In 1951 Armi and Viljo Ratia transformed the company Printex to create Marimekko. Making clothes cut with a monastic purity and luxuriously printed, the brand’s identity very quickly found its fans – one of whom was Jackie Kennedy, who bought seven dresses in 1960, appearing in the crowd wearing Marimekko on the cover of Sports Illustrated.
Multicoloured stripes, oversized spots, seventies flowers, graphic designs, pencil drawings… Marimekko’s signature prints seem infinite yet are immediately recognisable. The brand designs its own patterns, which are drawn and printed in their three Finnish units.
The idea for the finished product begins in the artwork studio: the designer delivers a first sketch which is transformed into a printing pattern. The colours are defined (there can be up to twelve) and the designer’s original vision is repeated so as to cover a large space of material. The printing screen stage then follows, a sort of silkscreen created using an emulsion that reacts to light. After drying in the oven and repeating the drawing with the help of a specific wax, the fabric is brought out to the light. The first prototype is thus made and the designer can see their drawing reproduced onto the fabric for the first time.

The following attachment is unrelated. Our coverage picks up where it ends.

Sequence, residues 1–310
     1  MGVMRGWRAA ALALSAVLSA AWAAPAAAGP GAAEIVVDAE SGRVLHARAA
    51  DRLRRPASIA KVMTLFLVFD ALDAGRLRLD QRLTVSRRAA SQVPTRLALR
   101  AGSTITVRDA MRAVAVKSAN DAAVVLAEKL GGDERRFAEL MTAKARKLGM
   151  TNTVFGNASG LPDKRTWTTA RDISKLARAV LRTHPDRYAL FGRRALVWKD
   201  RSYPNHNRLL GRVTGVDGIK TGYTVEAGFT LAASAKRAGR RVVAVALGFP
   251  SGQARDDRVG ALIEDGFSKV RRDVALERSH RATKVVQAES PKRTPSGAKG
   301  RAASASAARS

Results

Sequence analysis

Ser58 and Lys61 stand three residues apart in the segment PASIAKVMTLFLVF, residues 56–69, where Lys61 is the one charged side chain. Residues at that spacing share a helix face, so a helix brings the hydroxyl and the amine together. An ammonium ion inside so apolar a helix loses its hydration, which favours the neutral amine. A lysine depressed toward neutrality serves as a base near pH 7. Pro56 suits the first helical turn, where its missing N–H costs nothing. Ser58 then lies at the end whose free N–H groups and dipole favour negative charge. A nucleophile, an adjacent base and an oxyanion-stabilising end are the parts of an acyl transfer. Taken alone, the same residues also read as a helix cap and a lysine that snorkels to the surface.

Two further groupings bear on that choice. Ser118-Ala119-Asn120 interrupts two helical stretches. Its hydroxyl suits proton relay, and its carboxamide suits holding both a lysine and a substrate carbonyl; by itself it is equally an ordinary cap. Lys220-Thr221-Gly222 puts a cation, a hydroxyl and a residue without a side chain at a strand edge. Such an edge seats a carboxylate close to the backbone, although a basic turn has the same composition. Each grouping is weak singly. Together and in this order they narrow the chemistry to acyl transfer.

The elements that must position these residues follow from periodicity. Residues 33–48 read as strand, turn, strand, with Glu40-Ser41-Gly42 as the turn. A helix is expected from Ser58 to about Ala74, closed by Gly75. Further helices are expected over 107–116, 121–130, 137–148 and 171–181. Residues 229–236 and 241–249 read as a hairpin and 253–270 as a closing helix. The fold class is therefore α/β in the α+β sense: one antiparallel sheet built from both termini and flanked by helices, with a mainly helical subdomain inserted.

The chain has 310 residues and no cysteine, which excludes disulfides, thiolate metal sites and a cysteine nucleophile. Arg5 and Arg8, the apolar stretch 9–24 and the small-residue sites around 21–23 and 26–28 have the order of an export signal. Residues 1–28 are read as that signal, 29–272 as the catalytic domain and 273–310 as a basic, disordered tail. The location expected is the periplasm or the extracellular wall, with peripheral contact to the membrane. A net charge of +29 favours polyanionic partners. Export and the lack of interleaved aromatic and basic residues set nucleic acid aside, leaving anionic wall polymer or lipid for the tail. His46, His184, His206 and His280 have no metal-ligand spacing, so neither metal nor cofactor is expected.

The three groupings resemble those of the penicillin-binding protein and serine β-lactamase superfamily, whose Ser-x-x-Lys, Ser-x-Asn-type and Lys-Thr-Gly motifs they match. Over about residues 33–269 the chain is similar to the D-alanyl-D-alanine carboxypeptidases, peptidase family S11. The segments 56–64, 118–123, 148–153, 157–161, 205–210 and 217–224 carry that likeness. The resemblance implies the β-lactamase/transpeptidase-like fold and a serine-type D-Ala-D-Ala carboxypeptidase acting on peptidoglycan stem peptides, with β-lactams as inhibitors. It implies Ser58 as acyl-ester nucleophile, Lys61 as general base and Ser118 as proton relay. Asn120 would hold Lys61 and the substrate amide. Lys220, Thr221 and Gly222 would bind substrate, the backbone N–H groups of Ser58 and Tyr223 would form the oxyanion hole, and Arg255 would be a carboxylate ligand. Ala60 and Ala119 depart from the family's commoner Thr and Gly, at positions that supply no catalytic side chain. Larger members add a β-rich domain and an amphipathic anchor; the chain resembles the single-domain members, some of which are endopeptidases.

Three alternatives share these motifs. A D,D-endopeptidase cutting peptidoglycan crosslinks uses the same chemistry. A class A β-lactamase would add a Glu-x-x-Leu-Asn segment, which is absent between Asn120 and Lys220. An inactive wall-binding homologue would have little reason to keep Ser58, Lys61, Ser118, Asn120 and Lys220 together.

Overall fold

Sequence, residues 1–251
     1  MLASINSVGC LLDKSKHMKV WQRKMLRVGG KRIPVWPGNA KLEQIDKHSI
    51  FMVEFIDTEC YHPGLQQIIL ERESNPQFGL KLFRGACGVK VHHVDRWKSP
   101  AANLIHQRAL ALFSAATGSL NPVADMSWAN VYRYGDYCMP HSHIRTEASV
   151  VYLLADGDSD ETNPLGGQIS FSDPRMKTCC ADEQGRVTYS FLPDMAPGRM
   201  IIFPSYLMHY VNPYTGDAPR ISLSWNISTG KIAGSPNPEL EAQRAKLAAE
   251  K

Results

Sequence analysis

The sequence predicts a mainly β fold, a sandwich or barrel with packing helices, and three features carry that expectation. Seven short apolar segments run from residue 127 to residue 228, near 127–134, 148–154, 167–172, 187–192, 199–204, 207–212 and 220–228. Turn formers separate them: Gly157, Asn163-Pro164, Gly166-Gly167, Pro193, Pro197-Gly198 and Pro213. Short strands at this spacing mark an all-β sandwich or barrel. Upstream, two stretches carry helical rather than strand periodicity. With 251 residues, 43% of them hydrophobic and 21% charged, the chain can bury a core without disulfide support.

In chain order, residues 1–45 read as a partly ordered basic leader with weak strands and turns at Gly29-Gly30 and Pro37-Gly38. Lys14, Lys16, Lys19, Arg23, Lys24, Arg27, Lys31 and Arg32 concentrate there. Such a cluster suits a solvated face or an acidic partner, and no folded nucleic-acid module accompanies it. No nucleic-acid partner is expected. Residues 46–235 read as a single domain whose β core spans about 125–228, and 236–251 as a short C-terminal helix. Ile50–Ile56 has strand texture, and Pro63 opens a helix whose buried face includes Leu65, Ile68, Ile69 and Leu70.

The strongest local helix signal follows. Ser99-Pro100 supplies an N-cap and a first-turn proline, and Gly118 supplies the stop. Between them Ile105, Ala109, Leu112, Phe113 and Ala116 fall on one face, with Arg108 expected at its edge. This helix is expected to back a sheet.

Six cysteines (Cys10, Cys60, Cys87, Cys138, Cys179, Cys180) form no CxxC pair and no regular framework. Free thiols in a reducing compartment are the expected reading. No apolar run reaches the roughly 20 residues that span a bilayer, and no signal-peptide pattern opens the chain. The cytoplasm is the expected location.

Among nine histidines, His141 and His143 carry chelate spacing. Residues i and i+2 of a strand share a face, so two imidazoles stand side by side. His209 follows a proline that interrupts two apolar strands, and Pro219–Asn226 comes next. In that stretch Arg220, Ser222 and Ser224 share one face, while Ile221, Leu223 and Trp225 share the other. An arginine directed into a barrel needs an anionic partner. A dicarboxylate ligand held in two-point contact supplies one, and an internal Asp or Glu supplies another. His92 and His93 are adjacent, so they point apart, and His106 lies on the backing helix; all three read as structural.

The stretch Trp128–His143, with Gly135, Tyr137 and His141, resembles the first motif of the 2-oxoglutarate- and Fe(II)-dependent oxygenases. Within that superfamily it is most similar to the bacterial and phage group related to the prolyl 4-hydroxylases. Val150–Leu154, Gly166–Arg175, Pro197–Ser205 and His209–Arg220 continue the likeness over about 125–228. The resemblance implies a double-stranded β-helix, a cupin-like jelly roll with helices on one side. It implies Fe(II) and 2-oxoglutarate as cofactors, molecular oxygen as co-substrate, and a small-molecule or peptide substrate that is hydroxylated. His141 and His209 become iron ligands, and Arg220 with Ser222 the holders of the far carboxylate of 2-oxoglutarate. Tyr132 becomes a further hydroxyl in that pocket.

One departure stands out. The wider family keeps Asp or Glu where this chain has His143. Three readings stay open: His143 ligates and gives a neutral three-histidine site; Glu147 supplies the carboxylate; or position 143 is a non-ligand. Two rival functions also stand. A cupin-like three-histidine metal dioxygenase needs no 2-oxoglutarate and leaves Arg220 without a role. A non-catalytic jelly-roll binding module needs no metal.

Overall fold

The printing process can begin. In the “kitchen of colours”, the mixtures are made in which the fabrics will be soaked using the printing machine. Eight people take part in this stage and a complex pattern can demand up to five people for the printing process. The colour is then fixed to the fibre using steam or hot air before being washed at 95 degrees. The final touches are made before the inspection, which is carried out by trained eyes which notice every irregularity.
The fabric can finally follow its destiny, eing used for clothes, bags, scarves, cushions, upholstery or even umbrellas.